German sociologist Max Weber originated the church-sect line of thinking.

Considering the range of religious behaviors he saw in Western Europe, Weber (1922/1993) proposed two typologies to categorize them: church-sect and asceticismmysticism. He later developed four ideal types to provided “conceptual instruments for comparison with the measurement of reality” (Weber, 1949, p. 97). His critical differentiating variable for churches and sects was the way they recruited members.

People were born into churches (established social institutions open to all). Membership requirements were loose. People decided to join sects (less formalized but more exclusive social groups built around common beliefs or faith experiences). Membership requirements were stricter. Ascetics and mystics also chose their lifestyles. Both rejected secular world values. Ascetics denied themselves worldly pleasures, followed a disciplined lifestyle and gained spiritual fulfillment through rational actions. Mystics contemplated the holy, showed little interest in the material world and received spiritual enlightenment through prayer and meditation.

Weber’s student, Ernst Troeltsch (1931), a theologian, simplified the typology to church-sect-mysticism. He developed ideal types to describe the main categories of religious bodies he found in Christian Europe through the 18th century. Troeltsch, like Weber, generally considered churches inclusive and sects exclusive. The church was “able to receive the masses and adjust itself to the world, because, to a certain extent, it can afford to ignore the need for subjective holiness for the sake of the objective treasures of grace and of redemption” (Troeltsch, 1931, Vol. 2, p. 993). A sect, on the other hand, was “a voluntary society composed of strict and definite Christian believers bound to each other by the fact that all have experienced ‘the new birth’” (Vol. 2, p. 993).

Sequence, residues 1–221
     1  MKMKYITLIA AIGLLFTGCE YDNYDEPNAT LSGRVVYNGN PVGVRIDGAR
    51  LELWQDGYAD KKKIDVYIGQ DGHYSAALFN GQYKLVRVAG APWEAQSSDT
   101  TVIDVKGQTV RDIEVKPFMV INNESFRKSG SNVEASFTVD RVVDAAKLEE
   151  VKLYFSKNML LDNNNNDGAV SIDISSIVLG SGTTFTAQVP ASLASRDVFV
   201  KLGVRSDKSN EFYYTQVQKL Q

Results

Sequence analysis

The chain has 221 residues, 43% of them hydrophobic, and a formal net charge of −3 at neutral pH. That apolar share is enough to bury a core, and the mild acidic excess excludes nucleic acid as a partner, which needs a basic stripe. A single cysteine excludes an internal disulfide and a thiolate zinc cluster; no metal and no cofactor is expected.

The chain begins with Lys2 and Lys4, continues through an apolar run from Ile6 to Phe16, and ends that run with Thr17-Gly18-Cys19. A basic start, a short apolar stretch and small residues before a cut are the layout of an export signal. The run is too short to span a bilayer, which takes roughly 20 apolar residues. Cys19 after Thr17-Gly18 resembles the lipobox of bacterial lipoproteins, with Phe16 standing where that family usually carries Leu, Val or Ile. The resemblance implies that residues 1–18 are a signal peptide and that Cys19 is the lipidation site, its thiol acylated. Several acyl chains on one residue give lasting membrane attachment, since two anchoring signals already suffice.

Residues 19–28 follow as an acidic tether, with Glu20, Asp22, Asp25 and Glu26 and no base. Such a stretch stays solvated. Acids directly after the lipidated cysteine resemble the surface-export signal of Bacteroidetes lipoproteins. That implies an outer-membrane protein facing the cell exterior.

Mysticism needed little formal organization and usually attracted individuals. Mysticism often led to emotional forms of vital piety (Troeltsch, 1931).

American theologian H. Richard Niebuhr (1929) further simplified the social typology to church-sect. Building on Weber and Troeltsch, Niebuhr used the church-sect dynamic to describe the evolution of denominations in America. Niebuhr (1929) described a church as “a natural social group akin to the family or the nation” (p. 17).